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Beyoncégraphica: A Graphic Biography of Beyoncé Hardcover – 7 Sep 2017
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About the Author
Chris Roberts lives in West London. He has written about music, films and books for innumerable publications and websites and interviewed everyone from David Bowie to Janet Jackson. He was the editor of Idle Worship, hailed in the New York Times as ‘the most original book about rock ‘n’ roll ever’, and edited Blondie's Panic of Girls magazine at the band's request.
Often appearing on TV and radio, he has also published books on Kate Moss, Lou Reed, Michael Jackson, Tom Jones, Abba, Talk Talk, Scarlett Johansson, Pharrell Williams, the Gothic arts and many others.
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In my opinion, "Beyoncegraphica" is very appealing considering its focus on visuals. The information that are well-known are presented in a new and interesting way. I would definitely recommend reading it, whether you're new to the BeyHive or you know Beyonce's history by heart.
There are, however, several respects in which these infographics (the book’s big selling feature) are less satisfactory. Firstly, an awful lot of them list quite pedestrian and easily accessible facts, such as chart positions and awards, or record pretty pointless trivia, such as the number of times the words ‘Jelly’, ‘Vibealacious’ and ‘Bootylicious’ are repeated in the song of that name.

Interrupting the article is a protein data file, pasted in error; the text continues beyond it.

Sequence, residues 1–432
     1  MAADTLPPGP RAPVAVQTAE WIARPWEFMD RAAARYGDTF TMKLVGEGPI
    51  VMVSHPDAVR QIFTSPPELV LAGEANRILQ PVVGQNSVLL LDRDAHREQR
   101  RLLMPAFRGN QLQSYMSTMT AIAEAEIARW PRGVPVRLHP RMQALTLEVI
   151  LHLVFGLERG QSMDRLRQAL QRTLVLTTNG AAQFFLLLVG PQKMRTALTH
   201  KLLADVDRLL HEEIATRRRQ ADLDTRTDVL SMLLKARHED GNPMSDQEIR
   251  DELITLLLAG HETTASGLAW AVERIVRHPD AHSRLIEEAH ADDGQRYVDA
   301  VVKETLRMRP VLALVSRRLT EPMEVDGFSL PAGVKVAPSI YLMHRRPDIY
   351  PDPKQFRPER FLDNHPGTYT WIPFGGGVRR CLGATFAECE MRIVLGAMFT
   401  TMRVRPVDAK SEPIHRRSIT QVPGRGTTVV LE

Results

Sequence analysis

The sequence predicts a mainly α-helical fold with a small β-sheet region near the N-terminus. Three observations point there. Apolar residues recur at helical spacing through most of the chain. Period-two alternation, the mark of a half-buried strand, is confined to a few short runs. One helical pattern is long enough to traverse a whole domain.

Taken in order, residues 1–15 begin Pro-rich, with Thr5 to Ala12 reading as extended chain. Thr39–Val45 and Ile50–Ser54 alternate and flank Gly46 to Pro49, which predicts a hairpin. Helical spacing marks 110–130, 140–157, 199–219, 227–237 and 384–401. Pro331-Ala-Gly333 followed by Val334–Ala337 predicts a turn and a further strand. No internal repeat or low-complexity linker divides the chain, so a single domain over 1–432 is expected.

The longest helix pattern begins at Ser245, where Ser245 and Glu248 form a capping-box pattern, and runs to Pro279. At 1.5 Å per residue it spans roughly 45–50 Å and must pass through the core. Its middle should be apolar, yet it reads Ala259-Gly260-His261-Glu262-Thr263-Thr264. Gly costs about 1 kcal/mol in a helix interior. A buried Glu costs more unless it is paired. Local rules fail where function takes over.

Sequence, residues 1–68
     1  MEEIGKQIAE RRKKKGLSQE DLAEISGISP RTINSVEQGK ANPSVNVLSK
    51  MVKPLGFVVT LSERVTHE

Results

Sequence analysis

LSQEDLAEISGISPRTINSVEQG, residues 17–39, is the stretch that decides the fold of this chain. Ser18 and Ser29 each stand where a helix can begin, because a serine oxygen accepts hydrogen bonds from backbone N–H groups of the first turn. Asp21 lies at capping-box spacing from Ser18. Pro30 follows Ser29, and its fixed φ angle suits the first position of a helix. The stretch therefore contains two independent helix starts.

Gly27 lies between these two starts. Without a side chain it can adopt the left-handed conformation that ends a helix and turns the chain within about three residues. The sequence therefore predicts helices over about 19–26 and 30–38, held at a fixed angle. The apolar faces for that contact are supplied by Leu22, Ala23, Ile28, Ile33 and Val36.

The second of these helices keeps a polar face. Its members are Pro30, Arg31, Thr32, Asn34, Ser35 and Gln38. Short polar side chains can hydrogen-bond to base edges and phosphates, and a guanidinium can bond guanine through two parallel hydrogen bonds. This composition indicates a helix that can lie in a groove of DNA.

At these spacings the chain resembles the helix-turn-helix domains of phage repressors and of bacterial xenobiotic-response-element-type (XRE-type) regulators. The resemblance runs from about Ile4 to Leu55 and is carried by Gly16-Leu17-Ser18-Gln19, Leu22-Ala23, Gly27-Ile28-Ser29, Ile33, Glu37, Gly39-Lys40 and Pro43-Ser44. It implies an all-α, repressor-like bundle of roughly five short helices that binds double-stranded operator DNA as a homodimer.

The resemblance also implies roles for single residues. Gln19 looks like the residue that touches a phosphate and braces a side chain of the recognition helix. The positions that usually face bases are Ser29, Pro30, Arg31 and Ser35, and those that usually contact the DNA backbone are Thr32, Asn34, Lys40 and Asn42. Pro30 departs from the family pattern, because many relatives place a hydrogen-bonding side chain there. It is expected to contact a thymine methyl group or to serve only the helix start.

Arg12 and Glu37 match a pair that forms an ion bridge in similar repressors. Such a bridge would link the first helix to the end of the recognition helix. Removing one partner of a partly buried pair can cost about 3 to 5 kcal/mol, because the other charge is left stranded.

Secondly, sometimes the information is only tangentially related to Beyoncé, such as other celebrity couples with twins or the fact that Destiny’s Child was originally Girls Tyme providing the ‘justification’ for an infographic on other bands that changed their name.
Thirdly, some infographics seem incomplete, with Madonna missing from the one comparing Beyoncé’s height to that of other female singers, whilst Mariah Carey/Mimi is absent from the one looking at other female singers with alter egos.
Fourthly, a few of the infographics are really difficult to interpret. For example, I’ve stared at the one comparing Beyoncé’s earnings with those of other high-earning women for some considerable time and still find it confusing.
On the other hand, the photographs have been well chosen and the text is good, albeit veering towards the sycophantic (“another zeitgeist-capturing flourish”).
In short, Chris Roberts has been a busy bee and his honied words will do much to endear his book to the Beyhive, despite the fact that sadly its central visual idea doesn’t fully live up to expectation.
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